The International Steam Pages
Steam in Pakistan 2006
The following report from Thomas Kautzor is extracted/adapted from the Yahoo Pakistan Railways Group - email@example.com.
On January 26th 2006, I visited Mughalpura Workshops in Lahore and found following steam locomotives:
0-4-2 Scinde Punjab & Delhi Ry. No. 1872 EAGLE (R. Stephenson & Co.
1872/1871) preserved at the entrance;
A steam roller is also preserved at entrance, and various steam cranes
were undergoing maintenance.
I did not have the time to look for the following locomotives, which had earlier been reported stored for preservation at the Electric Locomotive Stores Depot, Mughalpura, and was unable to find out anything about their situation from workshops staff:
4-6-2 XB 450 LORD WELLESLEY (Armstrong Withworth 1065/1930);
From there I went to the Punjab Irrigation Dept. Sikhanwala Quarry
workshops at Nishtar Abad station, the next station after Lalian towards Shahinabad
Jn. / Sargodha Jn. There I found in storage the following items:
The workshops are linked to the short branch between the station and the quarry, where more flat wagons were reportedly stored, but the tracks outside of the workshops are heavily overgrown. According to a former locomotive driver the railway has been out of use since 1993 and the rocks transported by road. One of the engines was last steamed in January of 1994 for a group of British enthusiasts. I was able to look at the site and take pictures while one of the two security guards on duty called the engineer in charge from his office at the quarry. When he came he told me I would need to get an authorization from the Irrigation Dept. at Sargodha, but I had already finished what I came for.
During the following week I took part in the GlobeSteam Pakistan tour 2006, where we used the PR active steam fleet based at Peshawar and Rawalpindi. These are:
On Sunday 5th February 2006, after the departure of the group, I
travelled on the Gandhara Steam Safari from Rawalpindi Cantt. (dep. 14:30) to Golra Sharif
Jn. (15:00/16:15), were there is enough time to view
the exhibits of the PR Heritage Point, before returning to Rawalpindi (arr. 17:00). The train consisted of HG/S 2303 and two
coaches, full of families and school classes. This train runs every Sunday, but seats need to be booked in advance due to high demand.
The one-way fare is Rs. 40 (U$ 0.67), a return ticket costs Rs. 50 (U$ 0.84).
One was the Changa Manga forestry railway, which is located 70 km south of Lahore. The railway belongs to the Punjab Forestry Department and contrary to earlier reports, it is still used mainly to transport wood cut in the adjoining forest. From the yard a 2 km. line heads east and a 4 km. line heads north. Both lines are joined at their middle by a connecting line. Across the road from the yard is a triangle with a passenger station, and there is another triangle with a station on the line heading north where there is an amusement park. At the time of our visit wood was being cut close to the yard, with temporary track laid from the east line. Two trains are used for transporting logs, one steam and the other diesel, both with 5 to 7 flat bogie wagons. These head out at 8 a.m. and operations end around 3 p.m.. Passenger operations take place on Saturday afternoons on a charter basis and Sundays for the general public, using the diesel locomotive. The adult fare is Rs. 20, the child fare Rs. 10 and price for a charter train is Rs. 400 (U$ 6.69). Charters can be arranged through the Assistant Manager, Mr. Muhammad Rafi at 049-4381023.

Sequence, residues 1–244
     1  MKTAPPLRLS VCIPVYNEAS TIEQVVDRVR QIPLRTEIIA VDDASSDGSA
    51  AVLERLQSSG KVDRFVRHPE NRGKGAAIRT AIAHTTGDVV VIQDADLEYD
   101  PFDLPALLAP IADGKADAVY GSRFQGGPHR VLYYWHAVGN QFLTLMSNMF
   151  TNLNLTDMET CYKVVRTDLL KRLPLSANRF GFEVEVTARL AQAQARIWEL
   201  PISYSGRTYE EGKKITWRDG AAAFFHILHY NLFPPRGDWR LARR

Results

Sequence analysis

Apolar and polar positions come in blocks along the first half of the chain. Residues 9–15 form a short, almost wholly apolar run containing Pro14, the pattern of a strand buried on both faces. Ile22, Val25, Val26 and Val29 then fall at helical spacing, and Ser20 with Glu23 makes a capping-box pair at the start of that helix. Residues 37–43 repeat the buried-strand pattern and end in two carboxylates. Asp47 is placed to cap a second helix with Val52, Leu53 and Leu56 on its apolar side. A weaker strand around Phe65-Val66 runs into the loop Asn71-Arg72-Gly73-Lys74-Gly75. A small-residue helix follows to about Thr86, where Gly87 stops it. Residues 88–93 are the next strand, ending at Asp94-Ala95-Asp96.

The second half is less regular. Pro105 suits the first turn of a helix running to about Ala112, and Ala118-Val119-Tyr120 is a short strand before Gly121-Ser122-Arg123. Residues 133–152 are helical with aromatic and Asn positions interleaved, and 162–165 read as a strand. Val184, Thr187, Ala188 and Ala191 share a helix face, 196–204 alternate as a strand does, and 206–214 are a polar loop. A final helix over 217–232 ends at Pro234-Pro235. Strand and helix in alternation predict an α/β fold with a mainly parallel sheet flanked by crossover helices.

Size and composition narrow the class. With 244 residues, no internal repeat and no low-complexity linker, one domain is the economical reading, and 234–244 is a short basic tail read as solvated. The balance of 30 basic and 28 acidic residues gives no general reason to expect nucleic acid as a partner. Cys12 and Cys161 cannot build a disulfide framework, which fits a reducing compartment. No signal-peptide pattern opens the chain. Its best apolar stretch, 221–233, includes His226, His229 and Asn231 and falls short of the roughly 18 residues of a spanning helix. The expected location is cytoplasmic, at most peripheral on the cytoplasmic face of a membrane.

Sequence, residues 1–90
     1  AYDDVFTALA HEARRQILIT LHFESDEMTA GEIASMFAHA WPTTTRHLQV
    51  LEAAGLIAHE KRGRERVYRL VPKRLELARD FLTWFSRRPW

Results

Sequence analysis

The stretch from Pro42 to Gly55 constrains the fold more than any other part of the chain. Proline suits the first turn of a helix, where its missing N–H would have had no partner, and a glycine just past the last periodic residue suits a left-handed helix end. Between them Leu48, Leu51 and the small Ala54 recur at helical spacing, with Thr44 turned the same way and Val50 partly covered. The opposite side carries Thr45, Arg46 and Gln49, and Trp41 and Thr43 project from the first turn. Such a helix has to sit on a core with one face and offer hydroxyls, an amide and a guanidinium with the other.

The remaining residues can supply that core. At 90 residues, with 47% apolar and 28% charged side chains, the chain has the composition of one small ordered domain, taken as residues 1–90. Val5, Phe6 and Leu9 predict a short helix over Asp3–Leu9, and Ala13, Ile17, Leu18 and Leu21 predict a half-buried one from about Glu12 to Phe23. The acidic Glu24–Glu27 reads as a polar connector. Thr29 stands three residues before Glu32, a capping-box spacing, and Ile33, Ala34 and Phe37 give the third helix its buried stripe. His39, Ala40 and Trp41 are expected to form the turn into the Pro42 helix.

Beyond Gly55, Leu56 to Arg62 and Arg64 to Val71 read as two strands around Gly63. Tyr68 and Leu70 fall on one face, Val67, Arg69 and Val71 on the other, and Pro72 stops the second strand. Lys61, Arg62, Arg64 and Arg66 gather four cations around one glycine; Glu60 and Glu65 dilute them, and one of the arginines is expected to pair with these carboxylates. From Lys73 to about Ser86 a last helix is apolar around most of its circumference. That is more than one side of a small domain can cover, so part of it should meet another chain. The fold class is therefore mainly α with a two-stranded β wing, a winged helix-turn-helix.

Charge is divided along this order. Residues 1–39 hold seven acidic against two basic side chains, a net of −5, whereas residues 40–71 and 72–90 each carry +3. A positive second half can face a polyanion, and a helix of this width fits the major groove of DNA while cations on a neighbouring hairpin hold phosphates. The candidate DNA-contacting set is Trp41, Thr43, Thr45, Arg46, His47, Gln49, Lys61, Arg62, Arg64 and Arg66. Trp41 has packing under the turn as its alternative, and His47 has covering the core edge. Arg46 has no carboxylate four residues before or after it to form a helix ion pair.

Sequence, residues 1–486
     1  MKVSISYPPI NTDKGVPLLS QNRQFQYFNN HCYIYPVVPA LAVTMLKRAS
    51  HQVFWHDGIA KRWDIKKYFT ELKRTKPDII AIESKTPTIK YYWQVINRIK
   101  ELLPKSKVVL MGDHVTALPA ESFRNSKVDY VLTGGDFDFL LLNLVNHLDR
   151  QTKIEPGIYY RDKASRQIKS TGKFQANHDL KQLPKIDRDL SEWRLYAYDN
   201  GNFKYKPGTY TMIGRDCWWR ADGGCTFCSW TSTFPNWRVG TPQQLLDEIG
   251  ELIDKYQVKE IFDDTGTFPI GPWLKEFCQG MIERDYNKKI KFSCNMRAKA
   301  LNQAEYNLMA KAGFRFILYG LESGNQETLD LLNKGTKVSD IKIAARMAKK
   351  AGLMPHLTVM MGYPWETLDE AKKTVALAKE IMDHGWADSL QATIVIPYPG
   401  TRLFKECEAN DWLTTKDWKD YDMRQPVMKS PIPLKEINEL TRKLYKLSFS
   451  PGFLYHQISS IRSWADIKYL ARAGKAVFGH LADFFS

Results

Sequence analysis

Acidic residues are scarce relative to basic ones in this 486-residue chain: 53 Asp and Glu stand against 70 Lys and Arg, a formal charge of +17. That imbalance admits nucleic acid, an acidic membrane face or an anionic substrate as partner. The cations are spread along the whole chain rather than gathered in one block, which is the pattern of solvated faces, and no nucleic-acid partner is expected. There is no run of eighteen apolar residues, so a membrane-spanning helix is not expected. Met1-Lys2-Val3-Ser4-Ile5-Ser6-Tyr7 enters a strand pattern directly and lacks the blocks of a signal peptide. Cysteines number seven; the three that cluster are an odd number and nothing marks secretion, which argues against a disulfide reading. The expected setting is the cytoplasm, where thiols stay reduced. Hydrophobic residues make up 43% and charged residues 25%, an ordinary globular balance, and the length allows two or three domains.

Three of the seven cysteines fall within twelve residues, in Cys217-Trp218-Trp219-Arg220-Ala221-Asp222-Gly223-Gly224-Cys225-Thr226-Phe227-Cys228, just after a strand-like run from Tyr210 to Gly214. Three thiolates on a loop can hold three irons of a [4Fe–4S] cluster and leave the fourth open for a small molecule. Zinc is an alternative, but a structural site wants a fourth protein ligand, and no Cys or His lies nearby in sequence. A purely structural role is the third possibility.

Motive power consists of 3 steam and 3 diesel locomotives:
0-4-0WT 1763 (Andrew Barclay 1763/1923, boiler PB 1219, supplied via
Parry Engineering, Calcutta) serviceable;
Rolling stock for the passenger trains comprises:
All of the coaches are built on the basis of bogie logging wagons, of which there are 15 to 20 in use. There are also some 4-wheel trucks to transport the temporary tracks, as well as a 4-wheel flat wagon and a 4-wheel hand-trolley used by the track-laying crew.
The other industrial railway that I visited was at the Khewra Salt Mine Tourist Resort, in the Salt Range near Malakwal. The mine was opened in 1916/17 and belongs to the Pakistan Mineral Development Corporation (PMDC). The electric mining railway was in use until 1998, nowadays it is used to ferry visitors 3 km. inside the mine which was opened as a tourist resort in 2002. The trackbed of the former lines to the Khewra railway station can still be identified, but the only track left outside the mine goes across a large bridge to the shed.
The train consisted of a 4-wheel electric locomotive, 9 covered 4-wheel coaches and 2 closed 4-wheel coaches. Another electric locomotive was stored inside the shed, together with a closed green 4-wheel coach with upholstered seats. Outside of the shed there were 14 more covered coaches, one open coach, one closed coach and a 4-wheel water tank wagon.
The mine can easily be reached from the Lilla interchange on the Rawalpindi Lahore Motorway, it is open daily from 9 a.m. to 5 p.m., entry costs U$ 6.00 for tourists, Rs. 30 for Pakistani visitors and there is a tourist guesthouse within the complex.